Friday, February 23, 2024

Byju’s needs a board recast, not an advisory council

Edtech startup Byju’s yesterday appointed former Infosys CFO and board member T.V. Mohandas Pai and former State Bank of India chairman Rajnish Kumar to its board advisory council (BAC) — a newly constituted body to advise its founders on governance, after half of the startup’s board quit enmasse last month. Both Pai and Kumar are stalwarts of the Indian tech and startup ecosystem, and their willingness to serve as advisors to the beleaguered startup should provide solace to investors, employees and other stakeholders. Pai served as Infosys’ chief financial officer for over a decade and was one of Byju’s earliest investors through his fund Aarin Capital. Kumar’s success at SBI is widely known, but his role as the chairman of BharatPe’s board, where he faced off against its founder Ashneer Grover, will likely be more relevant for Byju’s.

This begs the question — why haven’t Pai and Kumar joined BYJU’S board, where surely they will be more effective in enforcing matters of governance? Isn’t the reconstitution of the board the need of the hour? Byju’s advisory council will advise and mentor the founders on ‘systems of governance and financial reporting’, organisational structure and strategic decision making. But isn’t this the job of the board?

Further, is it really advice that Byju’s needs? The startup has over 70 investors, who are all experienced and operate across geographies and sectors. They have navigated similar downturns in the funding ecosystem before and have advised several companies on building organizational bench strength. Its most recent board representatives — Prosus Ventures, Peak XV (formerly Sequoia Capital India), and Chan Zuckerberg Initiative — did not lack the knowledge or the expertise in matters of governance and financial reporting. Yet, despite having powers that came with being board members, they could do little over the past three years to provide basic guardrails for the company.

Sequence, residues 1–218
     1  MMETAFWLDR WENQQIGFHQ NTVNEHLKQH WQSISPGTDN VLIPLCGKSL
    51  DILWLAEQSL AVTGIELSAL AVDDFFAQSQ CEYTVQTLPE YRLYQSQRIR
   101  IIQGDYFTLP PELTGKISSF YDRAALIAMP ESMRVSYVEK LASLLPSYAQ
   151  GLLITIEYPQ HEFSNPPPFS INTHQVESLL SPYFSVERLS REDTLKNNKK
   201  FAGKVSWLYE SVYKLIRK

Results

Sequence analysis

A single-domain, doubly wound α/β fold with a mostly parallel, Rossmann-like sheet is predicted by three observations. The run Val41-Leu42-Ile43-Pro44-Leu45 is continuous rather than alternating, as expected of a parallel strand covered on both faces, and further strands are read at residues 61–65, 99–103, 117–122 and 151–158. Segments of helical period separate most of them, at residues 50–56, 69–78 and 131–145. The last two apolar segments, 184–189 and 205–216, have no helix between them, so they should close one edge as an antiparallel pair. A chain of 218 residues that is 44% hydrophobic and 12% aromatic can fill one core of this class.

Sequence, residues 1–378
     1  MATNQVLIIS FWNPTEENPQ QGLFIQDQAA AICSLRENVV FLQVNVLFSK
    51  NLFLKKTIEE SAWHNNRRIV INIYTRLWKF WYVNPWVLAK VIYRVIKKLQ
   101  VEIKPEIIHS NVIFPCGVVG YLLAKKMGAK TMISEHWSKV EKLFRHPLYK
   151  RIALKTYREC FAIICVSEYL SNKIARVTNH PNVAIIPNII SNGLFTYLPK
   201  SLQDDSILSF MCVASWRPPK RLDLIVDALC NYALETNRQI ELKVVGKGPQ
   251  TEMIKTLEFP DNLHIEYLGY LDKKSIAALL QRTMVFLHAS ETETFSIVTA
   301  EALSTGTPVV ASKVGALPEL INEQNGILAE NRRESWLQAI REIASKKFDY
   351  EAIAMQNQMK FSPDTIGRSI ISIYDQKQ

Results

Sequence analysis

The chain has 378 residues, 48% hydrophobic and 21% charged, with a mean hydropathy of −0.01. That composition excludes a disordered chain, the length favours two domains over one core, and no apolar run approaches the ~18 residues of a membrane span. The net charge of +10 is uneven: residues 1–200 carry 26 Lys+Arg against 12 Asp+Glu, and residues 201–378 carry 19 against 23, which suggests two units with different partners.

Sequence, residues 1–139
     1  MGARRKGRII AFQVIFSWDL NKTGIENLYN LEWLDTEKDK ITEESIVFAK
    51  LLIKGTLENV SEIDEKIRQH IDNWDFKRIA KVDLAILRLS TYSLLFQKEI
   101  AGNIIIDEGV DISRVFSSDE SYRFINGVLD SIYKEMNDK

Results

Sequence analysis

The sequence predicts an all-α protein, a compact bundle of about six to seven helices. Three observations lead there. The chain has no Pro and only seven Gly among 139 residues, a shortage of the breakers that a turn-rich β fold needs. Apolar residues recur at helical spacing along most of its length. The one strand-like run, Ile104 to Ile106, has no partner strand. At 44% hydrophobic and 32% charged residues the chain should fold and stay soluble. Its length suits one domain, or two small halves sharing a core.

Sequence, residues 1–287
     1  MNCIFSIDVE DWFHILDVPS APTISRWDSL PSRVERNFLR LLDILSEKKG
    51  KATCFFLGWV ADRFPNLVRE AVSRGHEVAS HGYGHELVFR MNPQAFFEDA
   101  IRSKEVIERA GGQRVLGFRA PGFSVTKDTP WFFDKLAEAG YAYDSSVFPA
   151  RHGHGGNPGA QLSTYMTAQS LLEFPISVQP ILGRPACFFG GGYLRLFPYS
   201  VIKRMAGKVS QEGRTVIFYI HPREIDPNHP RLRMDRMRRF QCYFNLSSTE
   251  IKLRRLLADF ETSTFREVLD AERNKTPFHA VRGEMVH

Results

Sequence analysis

One doesn’t know if these industry stalwarts were reluctant to join Byju’s board, but it is a fact that the startup’s board faces unique compliance burdens. The Indian government, through the Ministry of Corporate Affairs, has ordered an inquiry into the startup. Byju’s has also been under the scanner of the Enforcement Directorate. It is a repeat offender when it comes to delays in financial reporting. So, there are real risks in joining a board where the founders have previously shown reluctance or inability to follow the board’s advice.

And yet, what Byju’s lacks is a board that has teeth and which can enforce basic compliance norms. It needs someone the founders can look up to and feel compelled to listen to. The board needs a chairperson who is charismatic enough to stand up to the founders and follow through on decisions.

To be fair, the advisory board appears to be already aware of the challenges. When Mint asked Rajnish Kumar if founder Byju Raveendran will listen to the advisory council’s advice, he offered a telling response. “He is bound to listen, I will put it that way,” he said.

#Byjus #board #recast #advisory #council

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